Transforming tech culture

Sophie Viger is the managing director of école 42, a teacher-less, tuition-free coding school in paris.

Why did you decide to start a career in the tech sector?

To be honest, I did not really choose a career as a developer. Before embarking on tech studies, I tried out many different paths, from biology to musicology. I was interested in everything and never truly specialized in a field.

When I discovered programming, I realized I was not only very good at it, but also very good at explaining and formalizing it. What I found difficult was the attitude of the experts who often made things look obscure and “hermetic.” It seemed like they wanted us to believe that their knowledge was very difficult to access, but programming is actually very simple.

In 2013, I became the director of Web@cadémie and discovered my love of teaching an audience of young people who have left the school system. These young talents have a great sensitivity – they are gems. I also discovered my love of project-based pedagogy, which places the responsibility of learning on the student. This is why, when I was asked to join École 42 a year ago, I did not think twice before accepting the offer.

What has been your experience in the tech sector and how do you inspire other women to pursue this path?

I was interested in everything that “belonged” to the male domain. For example, I remember when my brother was given a ZX81, the first tiny home computer that was typically offered to boys; I did not wait a second to get my hands on it. When I entered the professional world, I did not really notice the hurdles that were placed in my path, because for me, these obstacles were not actually obstacles but rather sources of motivation. I had been raised to question my skills in order to improve myself, and ultimately, my upbringing made computer science a perfect match.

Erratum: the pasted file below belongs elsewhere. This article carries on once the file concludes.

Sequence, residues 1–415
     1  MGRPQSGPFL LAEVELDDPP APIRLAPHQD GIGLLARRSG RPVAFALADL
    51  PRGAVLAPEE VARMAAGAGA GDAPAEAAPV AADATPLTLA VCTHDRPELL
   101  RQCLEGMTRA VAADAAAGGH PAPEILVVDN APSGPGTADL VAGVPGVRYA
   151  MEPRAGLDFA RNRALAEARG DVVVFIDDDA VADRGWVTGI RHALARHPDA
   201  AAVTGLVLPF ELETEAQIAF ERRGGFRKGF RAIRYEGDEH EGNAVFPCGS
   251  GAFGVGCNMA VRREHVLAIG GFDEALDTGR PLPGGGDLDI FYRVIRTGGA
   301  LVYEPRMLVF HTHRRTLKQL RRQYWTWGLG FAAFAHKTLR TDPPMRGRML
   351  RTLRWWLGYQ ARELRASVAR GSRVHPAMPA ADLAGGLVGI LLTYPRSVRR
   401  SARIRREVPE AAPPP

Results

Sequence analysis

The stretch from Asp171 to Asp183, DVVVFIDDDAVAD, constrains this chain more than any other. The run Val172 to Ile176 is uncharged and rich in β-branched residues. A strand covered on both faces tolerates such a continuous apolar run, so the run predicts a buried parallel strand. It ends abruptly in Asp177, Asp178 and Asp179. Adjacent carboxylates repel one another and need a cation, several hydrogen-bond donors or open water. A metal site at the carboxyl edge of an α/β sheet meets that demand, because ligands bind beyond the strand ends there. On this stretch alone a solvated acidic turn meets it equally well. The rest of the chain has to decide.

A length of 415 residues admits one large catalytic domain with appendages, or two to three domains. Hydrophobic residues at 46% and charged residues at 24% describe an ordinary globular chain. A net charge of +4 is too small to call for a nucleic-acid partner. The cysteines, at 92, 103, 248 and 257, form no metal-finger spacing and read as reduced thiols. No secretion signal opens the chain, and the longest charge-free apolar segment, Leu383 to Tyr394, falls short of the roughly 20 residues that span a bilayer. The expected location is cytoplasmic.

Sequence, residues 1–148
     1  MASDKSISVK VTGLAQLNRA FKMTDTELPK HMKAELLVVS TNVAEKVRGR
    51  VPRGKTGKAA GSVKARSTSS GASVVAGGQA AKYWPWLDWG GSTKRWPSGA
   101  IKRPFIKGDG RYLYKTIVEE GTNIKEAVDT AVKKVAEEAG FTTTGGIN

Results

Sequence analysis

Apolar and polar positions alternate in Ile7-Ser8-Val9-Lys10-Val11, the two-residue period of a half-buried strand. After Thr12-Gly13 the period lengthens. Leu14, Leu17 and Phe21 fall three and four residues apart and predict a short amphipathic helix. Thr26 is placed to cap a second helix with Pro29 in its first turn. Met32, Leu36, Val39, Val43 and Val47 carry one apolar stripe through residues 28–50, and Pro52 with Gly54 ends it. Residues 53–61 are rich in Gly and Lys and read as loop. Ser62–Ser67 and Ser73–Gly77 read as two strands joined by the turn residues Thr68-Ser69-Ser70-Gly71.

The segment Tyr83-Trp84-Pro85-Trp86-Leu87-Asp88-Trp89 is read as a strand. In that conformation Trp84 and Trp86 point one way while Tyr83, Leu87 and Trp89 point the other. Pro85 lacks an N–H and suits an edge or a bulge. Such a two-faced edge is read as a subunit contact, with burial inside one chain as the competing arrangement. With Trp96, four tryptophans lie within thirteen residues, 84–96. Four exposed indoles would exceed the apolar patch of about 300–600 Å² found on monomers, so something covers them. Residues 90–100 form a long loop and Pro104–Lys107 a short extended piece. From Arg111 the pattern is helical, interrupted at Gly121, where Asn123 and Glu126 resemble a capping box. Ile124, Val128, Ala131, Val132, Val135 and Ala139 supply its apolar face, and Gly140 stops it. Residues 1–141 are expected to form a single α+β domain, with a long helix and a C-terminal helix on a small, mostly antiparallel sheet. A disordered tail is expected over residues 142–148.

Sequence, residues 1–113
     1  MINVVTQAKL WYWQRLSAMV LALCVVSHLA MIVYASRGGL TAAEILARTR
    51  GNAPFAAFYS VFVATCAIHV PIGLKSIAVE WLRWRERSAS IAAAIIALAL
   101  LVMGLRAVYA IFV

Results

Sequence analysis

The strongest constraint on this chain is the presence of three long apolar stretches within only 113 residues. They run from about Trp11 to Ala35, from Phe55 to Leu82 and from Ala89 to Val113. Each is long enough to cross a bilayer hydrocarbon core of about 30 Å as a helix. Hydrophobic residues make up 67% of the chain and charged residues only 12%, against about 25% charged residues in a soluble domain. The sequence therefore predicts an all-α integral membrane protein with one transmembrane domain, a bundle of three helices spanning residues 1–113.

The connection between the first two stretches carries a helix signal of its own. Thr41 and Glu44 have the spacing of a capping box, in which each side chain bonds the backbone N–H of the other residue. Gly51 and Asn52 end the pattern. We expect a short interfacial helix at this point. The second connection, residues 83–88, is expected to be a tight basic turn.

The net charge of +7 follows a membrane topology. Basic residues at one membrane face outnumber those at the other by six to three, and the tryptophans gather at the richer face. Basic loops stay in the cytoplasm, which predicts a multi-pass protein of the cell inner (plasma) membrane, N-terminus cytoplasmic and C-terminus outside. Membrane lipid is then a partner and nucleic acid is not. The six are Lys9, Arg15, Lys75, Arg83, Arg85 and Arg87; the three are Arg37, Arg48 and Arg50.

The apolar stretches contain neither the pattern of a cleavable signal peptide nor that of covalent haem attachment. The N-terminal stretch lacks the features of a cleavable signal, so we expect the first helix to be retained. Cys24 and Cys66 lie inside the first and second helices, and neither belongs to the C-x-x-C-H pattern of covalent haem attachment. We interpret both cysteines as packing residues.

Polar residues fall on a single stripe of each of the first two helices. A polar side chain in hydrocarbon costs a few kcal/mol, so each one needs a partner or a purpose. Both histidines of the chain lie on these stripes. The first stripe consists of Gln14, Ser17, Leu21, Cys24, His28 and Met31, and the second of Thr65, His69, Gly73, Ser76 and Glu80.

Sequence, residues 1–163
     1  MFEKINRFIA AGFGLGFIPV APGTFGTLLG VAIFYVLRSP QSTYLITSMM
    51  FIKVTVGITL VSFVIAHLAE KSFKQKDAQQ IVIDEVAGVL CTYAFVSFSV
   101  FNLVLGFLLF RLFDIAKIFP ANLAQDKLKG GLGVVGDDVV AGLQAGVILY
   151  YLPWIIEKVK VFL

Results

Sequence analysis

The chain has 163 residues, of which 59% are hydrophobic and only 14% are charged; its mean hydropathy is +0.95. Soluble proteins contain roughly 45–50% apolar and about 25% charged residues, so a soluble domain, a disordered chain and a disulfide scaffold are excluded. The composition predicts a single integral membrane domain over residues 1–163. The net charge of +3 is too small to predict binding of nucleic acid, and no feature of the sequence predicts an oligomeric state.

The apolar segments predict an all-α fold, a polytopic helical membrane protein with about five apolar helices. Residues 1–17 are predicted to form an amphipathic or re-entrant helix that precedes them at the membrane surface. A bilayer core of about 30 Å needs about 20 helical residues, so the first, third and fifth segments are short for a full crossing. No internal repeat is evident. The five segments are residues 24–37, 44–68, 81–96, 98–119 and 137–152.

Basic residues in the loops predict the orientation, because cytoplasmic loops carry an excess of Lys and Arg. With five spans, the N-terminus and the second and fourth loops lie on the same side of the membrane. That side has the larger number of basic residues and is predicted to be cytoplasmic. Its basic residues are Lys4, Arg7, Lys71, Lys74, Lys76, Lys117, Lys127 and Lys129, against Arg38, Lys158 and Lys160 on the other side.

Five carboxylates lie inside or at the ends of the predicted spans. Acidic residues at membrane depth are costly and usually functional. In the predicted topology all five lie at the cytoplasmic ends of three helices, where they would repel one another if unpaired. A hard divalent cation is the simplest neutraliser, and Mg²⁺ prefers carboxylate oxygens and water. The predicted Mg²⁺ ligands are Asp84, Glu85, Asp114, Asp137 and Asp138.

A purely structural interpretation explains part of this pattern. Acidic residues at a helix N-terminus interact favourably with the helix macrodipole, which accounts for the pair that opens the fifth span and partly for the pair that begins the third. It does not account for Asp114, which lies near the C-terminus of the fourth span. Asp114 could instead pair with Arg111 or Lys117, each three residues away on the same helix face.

Initially, my approach to inspiring women in tech was saying, “We need to strengthen women and tell them they can do it, but it’s up to them to advance

themselves.” Taking a step back, I realized there was a problem with that mentality — that it was somewhat limited and sexist.

What are your initiatives to increase diversity and inclusion in tech work culture?

At École 42 we have started implementing different initiatives aimed at making inclusion and diversity a part of our DNA. I think many of these initiatives could inspire tech companies, regardless of their size.

In my opinion, work culture is very much driven by management. Executives have the purview to develop a business culture from the ground up and can be an organization’s most efficient agent of change. Before I arrived at École 42, it took 5 years to go from 7% to 14% of female students; after I joined the team, the percentage increased from 14% to 21% in a year.

Tech culture is extremely sexist, and it is management’s responsibility to listen and act on all employees’ feedback. Providing resources for streamlined communication is of the utmost importance. At École 42, we are making efforts to eradicate sexist culture from the workplace. Most notably, we have started a think tank that meets every few weeks to foster innovative ways of being more inclusive. This group is comprised of current students, former students, external contributors and private business partners, all of whom collectively contribute to the ongoing endeavour of extinguishing sexism. Employees who have experienced sexism firsthand are essential in this critical undertaking.